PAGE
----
What is the printer's role in the WFH era?
To borrow Mark Twain's famous saying, the death of print has been greatly exaggerated. It's a headline that appears on many articles discussing the topic. The idea of digital media eliminating printing has turned out to be simplistic.
On a philosophical level, people are even more attracted to tangible media, counteracting digital media's ethereal character. For example, US book publishers made $26 billion in revenue during 2019, $22.6 billion of which came from printed books.
The recent shifts in workplace behaviours have lifted printing's appeal even further. According to David Preston, MD of Canon South Africa, the shift to remote and hybrid working is boosting a market that was already doing well: "In the one month of June, we sold more printers than in any other single month of the previous 12-month period, and those numbers were already strong. Something's going on there."
What could that be? The answer lies in how printers have developed in three notable areas.
First, they have evolved into centralised devices that various people can access. Second, printers are now multifunction devices that offer scanning and related technologies such as OCR (optical character recognition) to digitise physical documents quickly. Third, they integrate more seamlessly with broader technology ecosystems, such as a company IT environment or access to cloud services and storage.
The printer's expanding role
Point one may seem to contradict the boom in home printer sales. But it's instead a reflection of emerging workplace realities. The growth in home printer sales reveals how crucial printing remains as part of a productive office. People want to replicate some of that functionality in their homes.
For IT managers and administrators, this is a challenge. Those home printers could be integrated with the broader company network or operate independently. In both cases, they create cost, security and content management concerns.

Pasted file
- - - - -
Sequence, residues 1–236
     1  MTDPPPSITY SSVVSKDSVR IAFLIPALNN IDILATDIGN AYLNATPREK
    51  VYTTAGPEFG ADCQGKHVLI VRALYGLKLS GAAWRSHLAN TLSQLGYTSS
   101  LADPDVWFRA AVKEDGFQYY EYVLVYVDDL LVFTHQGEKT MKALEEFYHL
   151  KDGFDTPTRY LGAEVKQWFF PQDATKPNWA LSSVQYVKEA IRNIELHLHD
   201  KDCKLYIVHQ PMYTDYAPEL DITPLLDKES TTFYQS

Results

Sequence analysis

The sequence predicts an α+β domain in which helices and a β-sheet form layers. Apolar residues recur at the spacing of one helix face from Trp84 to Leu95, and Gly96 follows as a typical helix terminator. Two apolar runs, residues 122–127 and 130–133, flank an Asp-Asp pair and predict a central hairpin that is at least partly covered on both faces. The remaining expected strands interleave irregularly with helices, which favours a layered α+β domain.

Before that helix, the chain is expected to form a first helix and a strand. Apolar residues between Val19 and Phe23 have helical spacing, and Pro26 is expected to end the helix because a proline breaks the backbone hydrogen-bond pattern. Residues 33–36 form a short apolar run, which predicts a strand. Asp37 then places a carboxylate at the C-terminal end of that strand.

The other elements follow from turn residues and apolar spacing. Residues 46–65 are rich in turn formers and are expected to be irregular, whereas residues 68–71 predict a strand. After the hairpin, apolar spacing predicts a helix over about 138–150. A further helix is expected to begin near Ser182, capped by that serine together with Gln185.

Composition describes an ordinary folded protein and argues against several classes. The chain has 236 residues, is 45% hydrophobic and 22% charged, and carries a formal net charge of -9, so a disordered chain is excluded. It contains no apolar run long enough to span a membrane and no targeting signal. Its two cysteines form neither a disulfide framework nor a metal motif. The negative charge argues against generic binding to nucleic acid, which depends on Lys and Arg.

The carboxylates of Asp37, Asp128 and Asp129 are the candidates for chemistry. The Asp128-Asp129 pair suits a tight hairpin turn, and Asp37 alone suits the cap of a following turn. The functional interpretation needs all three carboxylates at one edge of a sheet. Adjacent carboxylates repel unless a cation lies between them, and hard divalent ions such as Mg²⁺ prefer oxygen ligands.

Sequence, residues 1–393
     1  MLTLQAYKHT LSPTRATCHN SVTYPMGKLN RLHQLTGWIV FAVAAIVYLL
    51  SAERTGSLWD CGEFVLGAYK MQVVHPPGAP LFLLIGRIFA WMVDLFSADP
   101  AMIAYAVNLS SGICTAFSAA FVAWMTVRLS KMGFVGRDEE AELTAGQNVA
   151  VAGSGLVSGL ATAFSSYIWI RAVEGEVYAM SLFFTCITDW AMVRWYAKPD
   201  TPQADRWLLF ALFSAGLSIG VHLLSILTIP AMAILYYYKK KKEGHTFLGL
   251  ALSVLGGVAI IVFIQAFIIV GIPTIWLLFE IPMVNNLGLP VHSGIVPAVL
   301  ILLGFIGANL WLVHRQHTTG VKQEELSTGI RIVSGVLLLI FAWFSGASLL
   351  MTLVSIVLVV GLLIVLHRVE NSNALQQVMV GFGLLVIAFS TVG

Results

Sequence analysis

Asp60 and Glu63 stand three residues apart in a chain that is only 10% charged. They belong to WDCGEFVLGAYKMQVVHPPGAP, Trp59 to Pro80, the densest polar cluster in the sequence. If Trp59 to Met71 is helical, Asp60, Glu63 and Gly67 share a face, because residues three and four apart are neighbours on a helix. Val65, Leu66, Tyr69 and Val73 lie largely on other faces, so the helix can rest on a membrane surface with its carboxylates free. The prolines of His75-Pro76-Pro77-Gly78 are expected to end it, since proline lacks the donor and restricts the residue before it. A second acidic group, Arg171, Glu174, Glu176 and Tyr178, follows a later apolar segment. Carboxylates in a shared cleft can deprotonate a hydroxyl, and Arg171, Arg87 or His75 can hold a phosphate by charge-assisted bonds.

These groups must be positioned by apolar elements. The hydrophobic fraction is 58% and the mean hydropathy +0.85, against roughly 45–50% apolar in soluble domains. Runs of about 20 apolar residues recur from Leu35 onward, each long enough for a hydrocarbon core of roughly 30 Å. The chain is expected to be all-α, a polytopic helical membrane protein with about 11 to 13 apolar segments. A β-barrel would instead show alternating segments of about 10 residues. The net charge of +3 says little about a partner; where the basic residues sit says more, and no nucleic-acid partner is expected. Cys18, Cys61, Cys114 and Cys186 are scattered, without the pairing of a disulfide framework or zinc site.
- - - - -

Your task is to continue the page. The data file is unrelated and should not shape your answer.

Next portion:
"The printer has become a sophisticated online device, where you need to control exactly what the user can print, how much they print, and how much of consumables they use, such as ink or paper," Preston explains. He adds that even if a printer is not connected to any company network or VPN connection, it can still scan and print sensitive information that requires oversight and policies.
Printing's role in the work from home (WFH) and remote workplace eras requires additional monitoring and visibility: can IT administrators easily monitor what printers are doing, secure them with the right policies, and generate reporting on those and other metrics?
Visibility unlocks productivity
Once adequately visible, companies can get the most productivity from printers, such as capturing paperwork or using cloud storage services.
"We will get documents, for example, invoices or purchase orders, that will often go directly to people at home rather than come to the office. They'll print and sign them, then scan them into a digital format. Those documents are securely populated and escalated, even archived, through automated processes. But all the employee had to do was sign and scan. You can do that with today's multifunction printers and even some legacy models."
The combination of management software and easy oversight for administrators helps companies embrace concepts such as security, integration with business systems and support for cloud services.
Today's printer is already a sophisticated device that incorporates technologies such as IOT. Replete with sensors and application integration opportunities, finding the printer's place in the WFH and hybrid work era is a matter of having the best control and visibility, even over independent home office devices. When companies can access such features, they can do much more than reducing costs and strengthening security.
"It's not about policing people," says Preston. "It's just understanding what it costs to enable people through printing devices, and help people be more productive. Printers are equipped to enhance hybrid workplaces. The right print management becomes an enabler for business. It's like any technology enabler, such as mobile phones or vehicles. You need to control. You need to know what the cost is so you can make the right decisions."